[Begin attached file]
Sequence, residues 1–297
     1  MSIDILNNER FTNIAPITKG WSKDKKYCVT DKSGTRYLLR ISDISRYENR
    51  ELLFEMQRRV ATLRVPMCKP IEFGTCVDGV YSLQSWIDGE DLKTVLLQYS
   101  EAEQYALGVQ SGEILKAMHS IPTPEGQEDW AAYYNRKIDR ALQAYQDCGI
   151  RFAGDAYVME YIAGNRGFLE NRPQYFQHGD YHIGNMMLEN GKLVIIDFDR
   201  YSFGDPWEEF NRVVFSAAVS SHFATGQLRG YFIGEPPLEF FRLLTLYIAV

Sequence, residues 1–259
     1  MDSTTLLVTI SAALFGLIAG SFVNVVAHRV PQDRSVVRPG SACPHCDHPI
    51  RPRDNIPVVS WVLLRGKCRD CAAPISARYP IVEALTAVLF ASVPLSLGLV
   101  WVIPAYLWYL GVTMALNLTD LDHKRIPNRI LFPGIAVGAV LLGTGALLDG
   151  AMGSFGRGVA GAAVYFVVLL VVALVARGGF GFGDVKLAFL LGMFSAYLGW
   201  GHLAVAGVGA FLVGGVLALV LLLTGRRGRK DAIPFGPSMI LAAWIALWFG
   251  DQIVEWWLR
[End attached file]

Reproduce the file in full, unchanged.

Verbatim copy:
Sequence, residues 1–297
     1  MSIDILNNER FTNIAPITKG WSKDKKYCVT DKSGTRYLLR ISDISRYENR
    51  ELLFEMQRRV ATLRVPMCKP IEFGTCVDGV YSLQSWIDGE DLKTVLLQYS
   101  EAEQYALGVQ SGEILKAMHS IPTPEGQEDW AAYYNRKIDR ALQAYQDCGI
   151  RFAGDAYVME YIAGNRGFLE NRPQYFQHGD YHIGNMMLEN GKLVIIDFDR
   201  YSFGDPWEEF NRVVFSAAVS SHFATGQLRG YFIGEPPLEF FRLLTLYIAV

Sequence, residues 1–259
     1  MDSTTLLVTI SAALFGLIAG SFVNVVAHRV PQDRSVVRPG SACPHCDHPI
    51  RPRDNIPVVS WVLLRGKCRD CAAPISARYP IVEALTAVLF ASVPLSLGLV
   101  WVIPAYLWYL GVTMALNLTD LDHKRIPNRI LFPGIAVGAV LLGTGALLDG
   151  AMGSFGRGVA GAAVYFVVLL VVALVARGGF GFGDVKLAFL LGMFSAYLGW
   201  GHLAVAGVGA FLVGGVLALV LLLTGRRGRK DAIPFGPSMI LAAWIALWFG
   251  DQIVEWWLR